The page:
Hitachi DZ-HS300E Review
Hitachi takes a multi-format approach to data storage with the DZ-HS300E. Nestled in the durable metal and plastic casing is an 8GB hard drive that’s good for six hours of shooting in standard quality mode. And for yet more capacity, the device accepts single-sided, recordable mini DVDs.
You can record direct to optical media, or quickly transfer footage from the hard drive to a disc via a Dubbing button. Naturally, disc content can be auditioned either via the 16:9, widescreen flip-out LCD, or by finalising the recordable DVD, flicking Eject and placing the disc in the Mac’s drive tray. Also, for stills work, there’s a slot for an SD memory card.
The HS300E’s design follows familiar lines, with storage-media selection controls, the Record button and zoom rocker located within easy reach of right-hand fingers and thumb. Transport controls are to the left of the diopter-adjustable electronic viewfinder and are fiddly to use. A tiny Pause/Play button sits inside a D-pad type ring for forwarding and rewinding footage and it’s a faff to navigate what’s been shot.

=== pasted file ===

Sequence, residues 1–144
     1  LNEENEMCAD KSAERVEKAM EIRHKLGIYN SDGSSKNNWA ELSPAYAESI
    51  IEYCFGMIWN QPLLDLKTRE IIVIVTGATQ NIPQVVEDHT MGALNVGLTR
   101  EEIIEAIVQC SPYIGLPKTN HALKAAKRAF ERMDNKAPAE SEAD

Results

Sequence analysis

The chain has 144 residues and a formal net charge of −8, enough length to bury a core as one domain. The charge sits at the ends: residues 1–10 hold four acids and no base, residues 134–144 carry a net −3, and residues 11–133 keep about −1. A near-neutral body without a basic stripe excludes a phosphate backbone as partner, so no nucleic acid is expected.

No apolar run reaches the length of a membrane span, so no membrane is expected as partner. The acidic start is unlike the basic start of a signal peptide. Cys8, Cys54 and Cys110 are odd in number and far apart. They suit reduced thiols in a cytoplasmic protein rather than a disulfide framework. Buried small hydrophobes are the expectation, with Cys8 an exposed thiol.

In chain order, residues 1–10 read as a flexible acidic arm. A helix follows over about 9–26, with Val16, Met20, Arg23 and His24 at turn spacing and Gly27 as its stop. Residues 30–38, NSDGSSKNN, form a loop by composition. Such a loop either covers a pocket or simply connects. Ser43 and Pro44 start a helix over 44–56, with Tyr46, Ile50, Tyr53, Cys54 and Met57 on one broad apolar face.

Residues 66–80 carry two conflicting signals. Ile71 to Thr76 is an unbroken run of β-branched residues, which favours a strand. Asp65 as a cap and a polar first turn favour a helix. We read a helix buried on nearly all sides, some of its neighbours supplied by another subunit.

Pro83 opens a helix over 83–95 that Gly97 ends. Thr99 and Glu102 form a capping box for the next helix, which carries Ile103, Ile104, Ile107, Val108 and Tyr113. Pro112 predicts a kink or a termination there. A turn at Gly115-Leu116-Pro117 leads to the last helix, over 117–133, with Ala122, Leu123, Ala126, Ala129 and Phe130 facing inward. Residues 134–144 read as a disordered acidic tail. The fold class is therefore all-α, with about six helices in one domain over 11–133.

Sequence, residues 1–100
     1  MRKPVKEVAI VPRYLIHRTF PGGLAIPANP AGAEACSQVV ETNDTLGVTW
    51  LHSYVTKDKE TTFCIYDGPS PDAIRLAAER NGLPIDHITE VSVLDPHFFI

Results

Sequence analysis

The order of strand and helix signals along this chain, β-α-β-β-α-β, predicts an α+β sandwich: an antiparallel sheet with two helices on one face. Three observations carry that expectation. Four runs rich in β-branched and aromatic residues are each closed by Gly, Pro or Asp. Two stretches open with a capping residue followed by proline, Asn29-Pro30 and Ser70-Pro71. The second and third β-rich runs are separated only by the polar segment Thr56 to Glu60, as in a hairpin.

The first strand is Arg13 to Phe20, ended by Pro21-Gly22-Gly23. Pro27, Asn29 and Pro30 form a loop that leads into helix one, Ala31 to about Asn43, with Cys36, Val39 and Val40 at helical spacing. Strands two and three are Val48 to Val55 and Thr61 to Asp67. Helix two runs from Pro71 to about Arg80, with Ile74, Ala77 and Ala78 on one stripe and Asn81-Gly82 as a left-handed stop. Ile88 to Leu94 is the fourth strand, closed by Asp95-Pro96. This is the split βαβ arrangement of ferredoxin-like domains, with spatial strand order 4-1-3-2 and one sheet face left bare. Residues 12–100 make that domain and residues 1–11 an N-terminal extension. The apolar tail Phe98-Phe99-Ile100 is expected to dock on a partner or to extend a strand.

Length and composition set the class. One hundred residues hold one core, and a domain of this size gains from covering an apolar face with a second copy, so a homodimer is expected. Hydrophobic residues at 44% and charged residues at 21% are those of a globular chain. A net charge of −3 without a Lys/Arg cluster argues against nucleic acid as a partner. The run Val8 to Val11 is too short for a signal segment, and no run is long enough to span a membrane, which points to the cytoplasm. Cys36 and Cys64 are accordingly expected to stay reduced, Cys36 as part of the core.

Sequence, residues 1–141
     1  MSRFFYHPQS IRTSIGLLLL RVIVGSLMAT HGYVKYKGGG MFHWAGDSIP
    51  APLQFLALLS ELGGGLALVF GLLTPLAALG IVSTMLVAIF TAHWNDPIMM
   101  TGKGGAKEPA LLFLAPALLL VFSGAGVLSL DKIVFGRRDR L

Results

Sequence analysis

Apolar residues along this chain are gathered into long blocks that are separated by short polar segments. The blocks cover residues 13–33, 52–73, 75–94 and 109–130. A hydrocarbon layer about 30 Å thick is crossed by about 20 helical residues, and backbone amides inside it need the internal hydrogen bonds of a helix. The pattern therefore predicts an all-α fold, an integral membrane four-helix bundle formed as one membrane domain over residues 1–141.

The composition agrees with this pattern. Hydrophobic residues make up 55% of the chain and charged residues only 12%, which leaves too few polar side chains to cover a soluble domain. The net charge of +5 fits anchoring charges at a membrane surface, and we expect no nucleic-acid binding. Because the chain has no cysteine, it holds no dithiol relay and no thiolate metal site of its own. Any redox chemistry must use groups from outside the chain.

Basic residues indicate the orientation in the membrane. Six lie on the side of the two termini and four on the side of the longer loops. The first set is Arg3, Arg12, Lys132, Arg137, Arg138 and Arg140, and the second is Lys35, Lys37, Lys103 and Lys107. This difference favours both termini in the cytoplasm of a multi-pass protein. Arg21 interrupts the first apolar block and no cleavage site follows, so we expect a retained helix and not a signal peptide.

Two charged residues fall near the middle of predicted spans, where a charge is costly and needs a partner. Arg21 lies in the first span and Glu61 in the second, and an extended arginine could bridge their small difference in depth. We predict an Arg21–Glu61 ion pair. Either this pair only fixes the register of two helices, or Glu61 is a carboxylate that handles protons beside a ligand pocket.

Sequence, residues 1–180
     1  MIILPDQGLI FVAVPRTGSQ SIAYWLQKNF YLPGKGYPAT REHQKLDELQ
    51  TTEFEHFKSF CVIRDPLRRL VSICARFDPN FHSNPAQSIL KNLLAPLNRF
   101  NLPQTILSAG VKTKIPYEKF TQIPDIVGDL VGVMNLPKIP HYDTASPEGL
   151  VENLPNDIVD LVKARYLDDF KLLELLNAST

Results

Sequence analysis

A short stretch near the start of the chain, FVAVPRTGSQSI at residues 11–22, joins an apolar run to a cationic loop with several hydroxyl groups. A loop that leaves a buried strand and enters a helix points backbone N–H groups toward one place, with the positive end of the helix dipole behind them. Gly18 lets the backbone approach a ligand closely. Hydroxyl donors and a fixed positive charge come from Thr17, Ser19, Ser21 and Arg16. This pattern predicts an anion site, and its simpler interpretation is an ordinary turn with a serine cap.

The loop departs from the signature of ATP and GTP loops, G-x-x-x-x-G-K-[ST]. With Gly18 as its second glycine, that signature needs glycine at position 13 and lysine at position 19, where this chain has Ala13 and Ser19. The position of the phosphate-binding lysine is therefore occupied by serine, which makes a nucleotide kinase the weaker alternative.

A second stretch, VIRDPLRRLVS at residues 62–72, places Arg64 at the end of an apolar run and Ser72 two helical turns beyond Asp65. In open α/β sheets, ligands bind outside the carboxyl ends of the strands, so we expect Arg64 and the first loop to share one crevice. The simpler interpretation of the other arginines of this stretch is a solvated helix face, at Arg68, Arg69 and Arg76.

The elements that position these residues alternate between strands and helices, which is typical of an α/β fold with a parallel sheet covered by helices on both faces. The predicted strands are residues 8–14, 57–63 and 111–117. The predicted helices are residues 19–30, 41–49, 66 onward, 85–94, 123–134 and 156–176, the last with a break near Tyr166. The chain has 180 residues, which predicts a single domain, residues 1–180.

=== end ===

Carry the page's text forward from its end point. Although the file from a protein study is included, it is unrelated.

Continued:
There are a host of camera-management controls accessible by flipping out the LCD. Such items as Finalize and Auto-focus on/off can be set with a prod on the appropriate button. Their action is not that positive, but it beats having to dig through on-screen menus in order to access regularly used functions.
While recording to hard disk is speedy, performance is hobbled when using recordable DVDs. They take time to spin up, have to be formatted before use and are only good for 30 minutes of shooting at highest capture quality. And then there’s the tedious process of finalising, for which you have to use the mains adaptor.
In mitigation, Hitachi has incorporated a sleep mode. It’s effectively a standby setting and you can wake up the device in about a second should you need to shoot in a hurry.
Sadly, there’s no socket for an external mic. Also, Hitachi reports compatibility problems with the latest version of iMovie. DVD authoring suite ImageMixer 3 (www.imagemixer.com) is bundled, so all is not lost, and you can use OS X’s DVD Player to review footage.
The DZ-HS300E is inexpensive and offers the convenience of HD storage. It’s easy enough to use, but the recording format is not one that iMovie can import. But if you don’t mind having to convert footage before editing, this is a low-cost route into amateur video.